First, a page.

Funding: The study was primarily funded by the Olle Enqvist Byggmästare Foundation, the European Research Council, the Swedish Cancer Society, the Swedish Research Council, the Swedish Heart-Lung Foundation, and Sci-Life-Lab-Uppsala
Source: Joseph Caputo – Cell Press
Image Source: This NeuroscienceNews.com image is in the public domain.
Original Research: Full open access research for “Mosaic Loss of Chromosome Y in Blood Is Associated with Alzheimer Disease” by Jan P. Dumanski, Jean-Charles Lambert, Chiara Rasi, Vilmantas Giedraitis, Hanna Davies, Benjamin Grenier-Boley, Cecilia M. Lindgren, Dominique Campion, Carole Dufouil, The European Alzheimer’s Disease Initiative Investigators, Florence Pasquier, Philippe Amouyel, Lars Lannfelt, Martin Ingelsson, Lena Kilander, Lars Lind, and Lars A. Forsberg in American Journal of Human Genetics. Published online May 20 2016 doi:10.1016/j.ajhg.2016.05.014
Mosaic Loss of Chromosome Y in Blood Is Associated with Alzheimer Disease
Men have a shorter life expectancy compared with women but the underlying factor(s) are not clear. Late-onset, sporadic Alzheimer disease (AD) is a common and lethal neurodegenerative disorder and many germline inherited variants have been found to influence the risk of developing AD. Our previous results show that a fundamentally different genetic variant, i.e., lifetime-acquired loss of chromosome Y (LOY) in blood cells, is associated with all-cause mortality and an increased risk of non-hematological tumors and that LOY could be induced by tobacco smoking. We tested here a hypothesis that men with LOY are more susceptible to AD and show that LOY is associated with AD in three independent studies of different types. In a case-control study, males with AD diagnosis had higher degree of LOY mosaicism (adjusted odds ratio = 2.80, p = 0.0184, AD events = 606). Furthermore, in two prospective studies, men with LOY at blood sampling had greater risk for incident AD diagnosis during follow-up time (hazard ratio [HR] = 6.80, 95% confidence interval [95% CI] = 2.16–21.43, AD events = 140, p = 0.0011). Thus, LOY in blood is associated with risks of both AD and cancer, suggesting a role of LOY in blood cells on disease processes in other tissues, possibly via defective immunosurveillance. As a male-specific risk factor, LOY might explain why males on average live shorter lives than females.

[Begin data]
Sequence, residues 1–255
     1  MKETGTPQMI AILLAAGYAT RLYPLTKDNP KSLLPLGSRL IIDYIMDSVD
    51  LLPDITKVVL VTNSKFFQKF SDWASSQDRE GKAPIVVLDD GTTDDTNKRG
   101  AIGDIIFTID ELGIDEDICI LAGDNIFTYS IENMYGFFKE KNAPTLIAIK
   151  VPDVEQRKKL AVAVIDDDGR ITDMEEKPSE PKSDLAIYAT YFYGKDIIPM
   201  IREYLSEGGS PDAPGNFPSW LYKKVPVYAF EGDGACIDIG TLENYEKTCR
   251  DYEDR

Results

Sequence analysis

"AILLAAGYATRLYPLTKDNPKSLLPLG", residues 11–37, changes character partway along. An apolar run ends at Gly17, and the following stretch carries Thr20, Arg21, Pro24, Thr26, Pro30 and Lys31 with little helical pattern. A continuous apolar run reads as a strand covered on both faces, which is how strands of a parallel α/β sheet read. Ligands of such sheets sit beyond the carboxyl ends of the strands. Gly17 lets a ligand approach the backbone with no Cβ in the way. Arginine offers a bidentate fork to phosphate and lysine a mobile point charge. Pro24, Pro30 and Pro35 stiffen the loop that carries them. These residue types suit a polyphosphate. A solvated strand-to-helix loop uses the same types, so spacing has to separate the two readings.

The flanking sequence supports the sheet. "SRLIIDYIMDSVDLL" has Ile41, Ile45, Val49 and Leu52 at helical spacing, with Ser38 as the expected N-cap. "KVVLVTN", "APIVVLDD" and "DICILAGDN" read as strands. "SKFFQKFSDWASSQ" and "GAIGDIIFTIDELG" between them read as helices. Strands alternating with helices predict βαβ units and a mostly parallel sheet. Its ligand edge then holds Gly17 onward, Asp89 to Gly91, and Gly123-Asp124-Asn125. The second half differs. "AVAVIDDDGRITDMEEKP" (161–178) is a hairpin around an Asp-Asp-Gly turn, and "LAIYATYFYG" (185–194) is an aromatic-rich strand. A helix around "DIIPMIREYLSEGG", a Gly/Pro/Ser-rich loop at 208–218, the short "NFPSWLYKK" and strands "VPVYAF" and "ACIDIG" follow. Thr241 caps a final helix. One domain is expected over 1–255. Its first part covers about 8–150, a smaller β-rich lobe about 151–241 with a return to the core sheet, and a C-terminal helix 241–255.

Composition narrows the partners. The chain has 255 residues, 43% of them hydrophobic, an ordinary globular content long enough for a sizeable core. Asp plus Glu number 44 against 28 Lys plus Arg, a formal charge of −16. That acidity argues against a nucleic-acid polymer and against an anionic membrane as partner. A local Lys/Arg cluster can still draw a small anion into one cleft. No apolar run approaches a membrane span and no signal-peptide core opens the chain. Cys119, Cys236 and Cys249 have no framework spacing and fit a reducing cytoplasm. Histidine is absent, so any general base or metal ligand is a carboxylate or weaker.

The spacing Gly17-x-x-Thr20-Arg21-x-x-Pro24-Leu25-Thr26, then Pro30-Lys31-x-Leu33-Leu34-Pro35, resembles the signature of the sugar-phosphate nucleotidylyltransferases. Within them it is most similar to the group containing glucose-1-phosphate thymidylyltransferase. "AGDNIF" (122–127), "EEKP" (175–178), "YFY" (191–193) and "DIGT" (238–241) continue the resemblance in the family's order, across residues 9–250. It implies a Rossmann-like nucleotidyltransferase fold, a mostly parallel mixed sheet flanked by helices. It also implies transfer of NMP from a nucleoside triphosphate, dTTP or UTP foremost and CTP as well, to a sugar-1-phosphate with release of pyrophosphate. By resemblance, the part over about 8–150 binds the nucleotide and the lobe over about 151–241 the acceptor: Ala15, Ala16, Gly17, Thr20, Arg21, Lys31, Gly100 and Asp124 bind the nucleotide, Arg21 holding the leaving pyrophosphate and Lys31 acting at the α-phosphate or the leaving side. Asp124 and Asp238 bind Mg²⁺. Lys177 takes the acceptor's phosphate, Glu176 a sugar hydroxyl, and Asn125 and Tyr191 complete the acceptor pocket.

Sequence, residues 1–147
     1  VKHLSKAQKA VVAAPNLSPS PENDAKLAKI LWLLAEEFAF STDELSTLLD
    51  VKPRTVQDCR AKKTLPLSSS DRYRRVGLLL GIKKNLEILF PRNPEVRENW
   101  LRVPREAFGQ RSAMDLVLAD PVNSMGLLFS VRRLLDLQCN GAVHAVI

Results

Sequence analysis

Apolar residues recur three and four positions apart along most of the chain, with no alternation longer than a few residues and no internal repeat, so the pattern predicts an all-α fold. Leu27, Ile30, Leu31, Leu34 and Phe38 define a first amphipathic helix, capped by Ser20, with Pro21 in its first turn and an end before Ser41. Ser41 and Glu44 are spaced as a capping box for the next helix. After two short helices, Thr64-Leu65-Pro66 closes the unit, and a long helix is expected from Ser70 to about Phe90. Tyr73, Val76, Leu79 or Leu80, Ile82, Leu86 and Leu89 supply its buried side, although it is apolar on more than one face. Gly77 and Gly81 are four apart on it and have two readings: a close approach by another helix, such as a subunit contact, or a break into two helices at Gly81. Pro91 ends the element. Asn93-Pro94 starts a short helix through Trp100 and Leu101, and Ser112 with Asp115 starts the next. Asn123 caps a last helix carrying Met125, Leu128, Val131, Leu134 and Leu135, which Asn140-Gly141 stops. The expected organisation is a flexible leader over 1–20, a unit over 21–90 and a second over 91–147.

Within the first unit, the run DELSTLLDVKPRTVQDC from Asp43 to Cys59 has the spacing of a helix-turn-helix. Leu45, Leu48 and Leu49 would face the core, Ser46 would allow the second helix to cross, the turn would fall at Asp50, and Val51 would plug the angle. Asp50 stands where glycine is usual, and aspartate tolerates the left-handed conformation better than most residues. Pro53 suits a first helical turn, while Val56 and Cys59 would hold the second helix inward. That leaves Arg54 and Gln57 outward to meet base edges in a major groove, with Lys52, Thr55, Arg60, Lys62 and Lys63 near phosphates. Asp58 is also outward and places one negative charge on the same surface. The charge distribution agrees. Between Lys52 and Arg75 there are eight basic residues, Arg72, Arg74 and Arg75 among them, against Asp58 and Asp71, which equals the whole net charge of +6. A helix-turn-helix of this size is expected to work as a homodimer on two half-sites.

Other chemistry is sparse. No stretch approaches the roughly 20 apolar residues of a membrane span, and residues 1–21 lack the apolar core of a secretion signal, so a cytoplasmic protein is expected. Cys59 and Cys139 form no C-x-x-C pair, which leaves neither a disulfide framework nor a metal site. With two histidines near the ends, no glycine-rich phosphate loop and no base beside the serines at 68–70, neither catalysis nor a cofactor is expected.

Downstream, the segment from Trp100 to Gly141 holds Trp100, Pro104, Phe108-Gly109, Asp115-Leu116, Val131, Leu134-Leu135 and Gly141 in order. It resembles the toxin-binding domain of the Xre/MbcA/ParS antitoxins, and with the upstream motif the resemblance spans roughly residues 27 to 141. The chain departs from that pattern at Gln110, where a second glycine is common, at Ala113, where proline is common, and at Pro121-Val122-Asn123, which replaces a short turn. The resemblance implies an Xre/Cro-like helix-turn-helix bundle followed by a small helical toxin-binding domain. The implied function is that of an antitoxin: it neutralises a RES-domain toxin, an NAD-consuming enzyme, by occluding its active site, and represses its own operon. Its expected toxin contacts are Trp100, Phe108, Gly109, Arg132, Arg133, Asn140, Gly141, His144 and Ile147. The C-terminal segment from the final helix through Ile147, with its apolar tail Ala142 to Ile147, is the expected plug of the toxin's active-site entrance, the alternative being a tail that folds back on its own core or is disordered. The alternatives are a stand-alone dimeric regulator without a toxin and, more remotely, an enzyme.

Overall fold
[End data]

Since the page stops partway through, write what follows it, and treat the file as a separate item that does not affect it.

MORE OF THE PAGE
“Mosaic Loss of Chromosome Y in Blood Is Associated with Alzheimer Disease” by Jan P. Dumanski, Jean-Charles Lambert, Chiara Rasi, Vilmantas Giedraitis, Hanna Davies, Benjamin Grenier-Boley, Cecilia M. Lindgren, Dominique Campion, Carole Dufouil, The European Alzheimer’s Disease Initiative Investigators, Florence Pasquier, Philippe Amouyel, Lars Lannfelt, Martin Ingelsson, Lena Kilander, Lars Lind, and Lars A. Forsberg in American Journal of Human Genetics. Published online May 20 2016 doi:10.1016/j.ajhg.2016.05.014